Eventually the situation resolved itself, when, in 1724, both the English and Scottish debenture holders’ societies were wound up following the establishment of a new ‘Equivalent Company’ by royal charter. This company had a capital of £248,550 and was based in London, although it also had a subordinate office in Edinburgh. It had a total of thirteen directors, two of whom had to be resident in Edinburgh and these directors were elected every two years by the proprietors of the company. The first directors of the company were James Campbell, Paul D’Aranda, John Drummond, Edward Harrison, Daniel Hays, Benjamin Longuet, John Merill, Bulstrode Peachy, Christopher Tilson, Robert Williamson, Patrick Crawford, Sir Hew Dalrymple, Lord President of the Court of Session and Patrick Campbell of Monzie. The company was managed by a court of directors, consisting of any five or more of these directors. In addition the two directors who were resident in Edinburgh formed a separate committee of management controlling the affairs of the Equivalent Company there, assisted by the company’s Edinburgh agent.
In addition to receiving the £10,000 annual interest payment established by the 1719 Act, which was now to be given out as a dividend to the debenture holders, the company also received £600 per annum to cover the costs of its administration. It was, however, still keen to extend its powers, which remained the same as those of the earlier debenture holders’ societies, and in 1727 the Equivalent Company received a charter which granted banking powers in Scotland to a new company to be known as The Royal Bank of Scotland. By 29 September 1727 around £110,000 of the stock of the Equivalent Company had been subscribed and transferred to the capital of The Royal Bank of Scotland and in 1770 a third charter gave the Royal Bank free use and command of this £110,000 subscribed Equivalent stock.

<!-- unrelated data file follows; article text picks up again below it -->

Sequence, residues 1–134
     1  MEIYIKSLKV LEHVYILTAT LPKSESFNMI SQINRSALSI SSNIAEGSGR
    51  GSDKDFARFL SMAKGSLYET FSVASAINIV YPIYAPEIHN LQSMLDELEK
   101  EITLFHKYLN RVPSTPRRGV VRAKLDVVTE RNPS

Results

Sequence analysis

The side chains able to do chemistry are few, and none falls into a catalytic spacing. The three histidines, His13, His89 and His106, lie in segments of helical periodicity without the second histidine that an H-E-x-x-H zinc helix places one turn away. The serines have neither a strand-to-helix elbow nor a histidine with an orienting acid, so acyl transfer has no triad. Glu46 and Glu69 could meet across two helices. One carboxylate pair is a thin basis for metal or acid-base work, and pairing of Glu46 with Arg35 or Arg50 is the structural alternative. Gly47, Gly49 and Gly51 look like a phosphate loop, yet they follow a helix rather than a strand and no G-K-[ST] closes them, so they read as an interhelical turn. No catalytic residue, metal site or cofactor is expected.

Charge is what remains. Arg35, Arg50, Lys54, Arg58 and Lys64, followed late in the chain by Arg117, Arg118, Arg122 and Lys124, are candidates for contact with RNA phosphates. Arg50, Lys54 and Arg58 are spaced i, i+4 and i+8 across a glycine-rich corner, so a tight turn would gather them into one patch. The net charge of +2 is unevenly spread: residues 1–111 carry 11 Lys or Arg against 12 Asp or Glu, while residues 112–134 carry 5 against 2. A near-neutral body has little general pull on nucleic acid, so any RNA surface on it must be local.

Nevertheless, the Equivalent Company and The Royal Bank of Scotland remained distinct companies. The Royal Bank of Scotland developing its banking activities, and the Equivalent Company continuing to manage the Equivalent stock and distribute interest payments to its members. The relationship between the two was always a close one, however, and the Equivalent Company was one of the Royal Bank’s first customers. In addition, many officers of the Royal Bank also worked for the Equivalent Company - John Campbell, for example, cashier of The Royal Bank of Scotland from 1745 to 1777 also worked as the Equivalent Company’s agent in Edinburgh. In 1850 an Act of Parliament ‘to provide for the redemption of an annuity of ten thousand pounds payable to the Equivalent Company’ was passed expressing the intention that the Equivalent debentures should finally be paid off. A sum of £248,550 plus all outstanding monies relating to the annual interest payments was therefore made over to be distributed to the Equivalent Company’s members. The Equivalent Company itself was enacted to continue for the next twelve months for the purpose of winding-up its affairs, but it was formally dissolved in 1851. Upon the dissolution of the Equivalent Company in 1851 the Edinburgh records of the company were transferred to The Royal Bank of Scotland.